We are rarely subjected to debate over the minimum wage apart from election season, but America's painfully sluggish return to economic normalcy has politicians scrambling to do something to help the working class. While the minimum wage debate usually plays out at the federal level, there is now a grassroots push across the country to raise wages beyond the federally mandated $7.25 per hour. Unfortunately, success won't guarantee a happy ending for workers.
Washington state voters are considering Proposition 1, which would raise the minimum wage to $15 per hour for workers in and around SeaTac airport. In Minneapolis there is talk of raising the minimum wage to $9.50, and in Washington, D.C. to $11.50. New Jersey's minimum wage is likely to rise to $8.25. Ohio's will increase to $7.95 in January.
It comes as no surprise that politicians love talking about and raising the minimum wage. Few are ever shown the door for being perceived as a friend of the working class. But perception and reality are rarely the same thing in the political world.
According to the Bureau of Labor Statistics, fewer than 3 percent of U.S. workers earn the minimum wage. Those who do tend to be entry-level workers – people with little work history, less education and fewer skills than those who earn more. About one-third of minimum wage earners also earn tips, which, in many cases, actually puts them significantly above the minimum wage in reality, if not officially. In the end, the minimum wage affects very few workers.
So why should we care? For precisely the same reason that politicians do: because minimum wage workers are often the most disadvantaged among us. They cannot compete with the rest of the labor market in terms of skills, education or experience, and as a result they make less money.
For some of these people, an increase in the minimum wage is clearly a good thing – but not for everyone. This is the point that many politicians never fully grasp. Raising the minimum wage does not increase the value of the worker's labor. It increases the cost of the worker's labor. And as everyone knows, the more something costs, the less of it we buy. This is as true of workers in the labor market as it is of anything else.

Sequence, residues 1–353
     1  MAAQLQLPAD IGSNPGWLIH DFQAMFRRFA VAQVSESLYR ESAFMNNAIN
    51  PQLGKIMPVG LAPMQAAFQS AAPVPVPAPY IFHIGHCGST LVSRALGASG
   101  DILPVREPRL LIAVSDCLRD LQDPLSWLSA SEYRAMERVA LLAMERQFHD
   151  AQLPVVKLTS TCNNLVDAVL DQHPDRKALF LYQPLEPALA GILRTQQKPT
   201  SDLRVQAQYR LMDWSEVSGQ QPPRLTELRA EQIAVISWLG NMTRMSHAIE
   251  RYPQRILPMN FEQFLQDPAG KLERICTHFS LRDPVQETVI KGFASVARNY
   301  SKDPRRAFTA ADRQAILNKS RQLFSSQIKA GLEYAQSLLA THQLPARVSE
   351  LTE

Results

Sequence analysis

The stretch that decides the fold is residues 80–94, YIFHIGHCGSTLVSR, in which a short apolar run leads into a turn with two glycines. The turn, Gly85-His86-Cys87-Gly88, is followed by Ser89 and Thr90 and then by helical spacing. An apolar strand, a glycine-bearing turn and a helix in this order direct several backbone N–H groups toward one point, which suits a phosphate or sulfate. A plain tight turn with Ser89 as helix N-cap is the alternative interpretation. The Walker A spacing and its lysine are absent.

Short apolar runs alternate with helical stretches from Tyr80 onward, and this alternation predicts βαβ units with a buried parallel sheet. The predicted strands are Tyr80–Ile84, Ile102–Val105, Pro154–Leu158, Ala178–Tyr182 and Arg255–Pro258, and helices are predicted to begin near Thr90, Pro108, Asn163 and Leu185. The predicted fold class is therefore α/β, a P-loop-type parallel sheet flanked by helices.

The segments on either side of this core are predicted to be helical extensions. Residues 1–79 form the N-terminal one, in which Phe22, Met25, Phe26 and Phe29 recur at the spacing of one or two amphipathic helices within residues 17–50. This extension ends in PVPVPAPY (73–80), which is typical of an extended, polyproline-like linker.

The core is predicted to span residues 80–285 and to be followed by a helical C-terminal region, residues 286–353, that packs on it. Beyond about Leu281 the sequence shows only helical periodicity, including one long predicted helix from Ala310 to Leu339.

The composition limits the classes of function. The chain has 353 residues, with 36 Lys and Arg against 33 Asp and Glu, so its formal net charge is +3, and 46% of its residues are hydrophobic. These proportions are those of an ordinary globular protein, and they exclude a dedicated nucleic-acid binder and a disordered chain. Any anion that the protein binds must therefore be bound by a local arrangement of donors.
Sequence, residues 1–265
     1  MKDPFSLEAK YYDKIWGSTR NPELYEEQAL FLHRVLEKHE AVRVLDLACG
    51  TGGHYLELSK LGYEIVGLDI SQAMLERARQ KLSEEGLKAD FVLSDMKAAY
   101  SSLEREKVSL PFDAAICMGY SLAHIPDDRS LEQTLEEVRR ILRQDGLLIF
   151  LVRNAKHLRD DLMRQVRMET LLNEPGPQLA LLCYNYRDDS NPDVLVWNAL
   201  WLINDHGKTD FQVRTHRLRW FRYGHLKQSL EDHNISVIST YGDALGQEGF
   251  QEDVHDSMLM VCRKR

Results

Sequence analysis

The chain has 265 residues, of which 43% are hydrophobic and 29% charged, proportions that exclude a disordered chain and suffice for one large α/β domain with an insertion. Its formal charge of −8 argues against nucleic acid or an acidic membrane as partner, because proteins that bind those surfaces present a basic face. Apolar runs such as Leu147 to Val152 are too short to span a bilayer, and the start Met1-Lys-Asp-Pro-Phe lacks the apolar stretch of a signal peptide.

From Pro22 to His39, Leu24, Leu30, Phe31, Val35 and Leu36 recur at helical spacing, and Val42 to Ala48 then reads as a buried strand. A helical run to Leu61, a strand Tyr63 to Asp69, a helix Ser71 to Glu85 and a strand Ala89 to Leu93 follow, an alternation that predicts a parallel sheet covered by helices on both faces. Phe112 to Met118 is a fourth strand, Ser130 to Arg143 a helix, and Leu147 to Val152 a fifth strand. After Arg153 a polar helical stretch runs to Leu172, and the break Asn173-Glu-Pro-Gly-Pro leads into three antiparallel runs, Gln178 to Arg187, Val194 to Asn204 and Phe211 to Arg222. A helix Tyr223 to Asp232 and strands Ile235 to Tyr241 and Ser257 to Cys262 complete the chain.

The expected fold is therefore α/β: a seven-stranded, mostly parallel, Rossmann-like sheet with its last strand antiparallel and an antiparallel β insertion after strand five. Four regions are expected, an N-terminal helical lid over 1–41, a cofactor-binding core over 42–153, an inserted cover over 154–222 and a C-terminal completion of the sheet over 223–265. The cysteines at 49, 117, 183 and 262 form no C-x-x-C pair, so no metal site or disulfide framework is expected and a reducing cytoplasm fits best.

The money for an increased minimum wage has got to come from somewhere, and there are only three places from which it can come: investors, in the form of lower profits; customers, in the form of higher prices; or workers, in the form of fewer jobs. Which group pays for the minimum wage hike depends on how competitive the marketplace is.
If competition for investment funds is intense, as is often the case, businesses will resist cutting investors' profits. If competition for customers is fierce, as is nearly always the case, businesses will do almost anything not to raise prices. This leaves only the workers. There are always exceptions, but historically, firms have financed increases in the minimum wage by laying off minimum wage workers.
The minimum wage question is not one of employers versus employees, as it is so often presented. Rather, it is a question of more-skilled low wage workers versus less-skilled low wage workers.
Not surprisingly, better-educated workers with better skills get the increase at the expense of their less-educated, less-skilled counterparts.
In a bizarre twist, raising the minimum wage hurts the very people it aims to help. As detailed in a forthcoming paper to be published by the Mercatus Center, national employment data from 1975 through 2012 show that on average, a 10 percent increase in the minimum wage has been followed by no change in employment among college-educated workers, a half-percentage point increase in unemployment for those with high school diplomas, and a one percentage point increase in unemployment for those without high school diplomas. Young people who have yet to finish high school are hit hardest of all. They have to contend with a two percentage point increase in unemployment, and as a result many are unable to find summer employment – employment that would help them acquire the skills to find better work in the future.
This is what happens when economics takes a back seat to political considerations. The feel-good rhetoric of increasing the minimum wage outweighs the economic reality that there is no such thing as a free lunch. Every cost must be paid by someone, and those who will pay for a minimum wage hike are the very people we are trying to help.
Antony Davies is associate professor of economics at Duquesne University and an affiliated senior scholar with the Mercatus Center at George Mason University. James R. Harrigan is a fellow of the Institute of Political Economy at Utah State University.
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